Entering the jail, one is greeted by a large reception desk manned by an officer wearing a tan uniform with a sewn-on Riley County Corrections badge. Around the corner is the break room, and down the hall a visitor may see lower-risk inmates doing chores. There is no sign of daylight at this point. Everything is made of safety glass, concrete and steel.
Checking his radio and chatting with an inmate folding laundry is Ace Thompson, a slim, athletically-built man who has a shy, yet welcoming presence in such a forbidding environment. He’s quiet, he seems very respectful and intuitive of his surroundings. He gave KMAN a tour of the jailhouse, showing us where the inmates of all security risk levels work, sleep and eat.
Thompson says he wasn’t always interested in working for law enforcement or criminal justice. Until his acceptance into the department, Thompson had been a soldier in the Kansas Army National Guard, and worked full-time in an auto shop. Thompson only decided to pursue law enforcement as a full-time career after a life changing event a few years ago.
“It was a drill weekend,” Thompson said, describing how he and a group of his friends were out late at night celebrating a birthday in Junction City, “We were at Poncho’s with a few people. Down the street, we noticed a fight going on. The guy was screaming pretty loud, so we ran over there. I look down and I see the guy, he’s got a few stab wounds and he’s bleeding out. Luckily, the cops were around the corner so they took the (suspect) away while my friend and I performed combat lifesaver techniques on him. We ended up saving his life.”
Thompson described the normal climate working in the jail. In many cases, inmates lash out, or at least have no problem describing their distaste for corrections officers during their time in jail in not-so-friendly ways. Thompson appeared to accept the negative consequences of his job as just a daily occurrence. Instead of focusing on the emotional wear and tear of his duties, he focused on the positive role corrections officers can play in the lives of individuals living on the other side of the bars.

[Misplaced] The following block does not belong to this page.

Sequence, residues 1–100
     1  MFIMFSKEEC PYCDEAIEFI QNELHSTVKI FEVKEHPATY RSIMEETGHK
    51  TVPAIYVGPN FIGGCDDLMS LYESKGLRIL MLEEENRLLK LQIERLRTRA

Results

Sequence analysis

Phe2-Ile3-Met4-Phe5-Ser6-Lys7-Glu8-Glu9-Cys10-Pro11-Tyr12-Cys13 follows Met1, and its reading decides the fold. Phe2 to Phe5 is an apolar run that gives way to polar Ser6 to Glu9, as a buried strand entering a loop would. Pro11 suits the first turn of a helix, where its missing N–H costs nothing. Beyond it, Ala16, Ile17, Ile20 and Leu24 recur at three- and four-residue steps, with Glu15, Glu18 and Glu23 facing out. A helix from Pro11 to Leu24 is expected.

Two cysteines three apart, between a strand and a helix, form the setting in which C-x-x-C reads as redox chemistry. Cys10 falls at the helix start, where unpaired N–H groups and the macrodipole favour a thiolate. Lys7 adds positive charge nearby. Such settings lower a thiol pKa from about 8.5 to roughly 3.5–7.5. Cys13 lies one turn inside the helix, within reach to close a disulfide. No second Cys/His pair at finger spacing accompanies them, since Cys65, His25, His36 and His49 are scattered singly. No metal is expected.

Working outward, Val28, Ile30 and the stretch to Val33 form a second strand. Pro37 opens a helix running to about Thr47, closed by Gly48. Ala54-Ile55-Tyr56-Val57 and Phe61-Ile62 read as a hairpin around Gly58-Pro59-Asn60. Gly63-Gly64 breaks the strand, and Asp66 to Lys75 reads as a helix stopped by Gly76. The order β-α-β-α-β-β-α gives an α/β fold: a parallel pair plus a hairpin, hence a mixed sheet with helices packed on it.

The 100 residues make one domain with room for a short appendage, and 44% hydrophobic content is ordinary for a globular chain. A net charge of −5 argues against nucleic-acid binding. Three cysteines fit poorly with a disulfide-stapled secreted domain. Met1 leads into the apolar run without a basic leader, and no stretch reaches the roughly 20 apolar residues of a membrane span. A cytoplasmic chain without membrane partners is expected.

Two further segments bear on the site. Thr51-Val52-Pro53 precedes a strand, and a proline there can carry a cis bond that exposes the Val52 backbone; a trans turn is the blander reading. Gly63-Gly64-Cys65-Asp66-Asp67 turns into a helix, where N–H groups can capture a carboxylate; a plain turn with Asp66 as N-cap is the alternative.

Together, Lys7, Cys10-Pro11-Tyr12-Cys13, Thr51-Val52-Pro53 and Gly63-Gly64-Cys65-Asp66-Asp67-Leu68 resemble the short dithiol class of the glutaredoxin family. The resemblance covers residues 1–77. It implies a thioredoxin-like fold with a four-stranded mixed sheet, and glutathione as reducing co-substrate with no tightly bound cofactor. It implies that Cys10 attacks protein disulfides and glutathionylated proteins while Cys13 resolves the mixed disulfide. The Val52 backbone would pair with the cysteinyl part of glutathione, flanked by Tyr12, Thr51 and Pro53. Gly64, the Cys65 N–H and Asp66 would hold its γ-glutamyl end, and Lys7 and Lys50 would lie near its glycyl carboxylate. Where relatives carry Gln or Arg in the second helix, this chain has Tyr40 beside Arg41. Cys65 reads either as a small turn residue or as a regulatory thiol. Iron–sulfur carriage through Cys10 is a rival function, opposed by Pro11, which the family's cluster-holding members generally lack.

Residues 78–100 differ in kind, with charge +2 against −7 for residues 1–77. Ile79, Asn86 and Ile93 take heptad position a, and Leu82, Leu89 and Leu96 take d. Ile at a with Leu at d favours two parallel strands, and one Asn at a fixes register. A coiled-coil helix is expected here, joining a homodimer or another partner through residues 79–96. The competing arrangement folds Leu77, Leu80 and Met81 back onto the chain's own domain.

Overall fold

“I wouldn’t say it’s hard, but I’d definitely say it’s challenging, because you have to look at everything from (the inmate’s) point of view as well,” explained Thompson, “so you can’t just go in and say you’re in charge. Even though you are the one in charge, you have to see where they’re coming from. I mean, being in jail, everything they’ve known about life is ripped away. You have to be fair. You can’t just judge them, even though you know why they’re here.”
Thompson and other corrections officers agreed that they didn’t necessarily choose their job, rather, the job chose them. The demands of working in corrections appeared to compliment the physical and mental demands of being a soldier as well.
“You kinda have to be ready to adapt to anything,” said Thompson, “because anything can happen in the jail at any time. You have to be ready to respond to that. In terms of personal readiness, and within (my duties) in the Guard, I go to the gym every morning before work. On the mental side of things, I read books. You have to stay mentally and physically fit for anything.”
On the flip-side, Thompson did have advice for people of the Riley County community who may find themselves struggling with the law.
“I’ve seen what happens if you keep going down that road,” warned Thompson, “we do see a few repeat offenders in here. From the time they get out to the time they come back to jail, they look a lot worse.”
However, Thompson says that there’s usually always hope for the inmates he meets, mentioning a specific unnamed inmate who had been under the watchful eye of corrections officers like Thompson for the past several weeks.
“When he came in he was rude,” said Thompson, “but he’s settled down now. He came up to some of (the corrections officers) the other day and told us (he) didn’t want to be in prison anymore, and when he was done he wanted to talk to students. So that was very good to see.”
Ace Thompson’s story is the first part of the Riley County Justice mini-series. Hear from Thompson by clicking here: